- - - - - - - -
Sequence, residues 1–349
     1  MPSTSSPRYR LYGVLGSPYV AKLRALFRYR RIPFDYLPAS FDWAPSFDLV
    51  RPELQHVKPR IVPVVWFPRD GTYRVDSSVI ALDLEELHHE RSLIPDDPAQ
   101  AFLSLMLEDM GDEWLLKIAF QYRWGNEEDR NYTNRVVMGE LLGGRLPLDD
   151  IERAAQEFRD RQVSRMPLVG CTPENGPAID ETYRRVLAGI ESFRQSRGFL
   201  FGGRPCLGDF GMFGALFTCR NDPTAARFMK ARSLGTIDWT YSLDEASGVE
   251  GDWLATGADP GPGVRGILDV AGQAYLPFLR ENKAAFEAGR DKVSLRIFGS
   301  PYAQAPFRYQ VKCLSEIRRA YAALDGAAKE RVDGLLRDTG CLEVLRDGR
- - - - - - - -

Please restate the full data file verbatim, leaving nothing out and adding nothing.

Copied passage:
Sequence, residues 1–349
     1  MPSTSSPRYR LYGVLGSPYV AKLRALFRYR RIPFDYLPAS FDWAPSFDLV
    51  RPELQHVKPR IVPVVWFPRD GTYRVDSSVI ALDLEELHHE RSLIPDDPAQ
   101  AFLSLMLEDM GDEWLLKIAF QYRWGNEEDR NYTNRVVMGE LLGGRLPLDD
   151  IERAAQEFRD RQVSRMPLVG CTPENGPAID ETYRRVLAGI ESFRQSRGFL
   201  FGGRPCLGDF GMFGALFTCR NDPTAARFMK ARSLGTIDWT YSLDEASGVE
   251  GDWLATGADP GPGVRGILDV AGQAYLPFLR ENKAAFEAGR DKVSLRIFGS
   301  PYAQAPFRYQ VKCLSEIRRA YAALDGAAKE RVDGLLRDTG CLEVLRDGR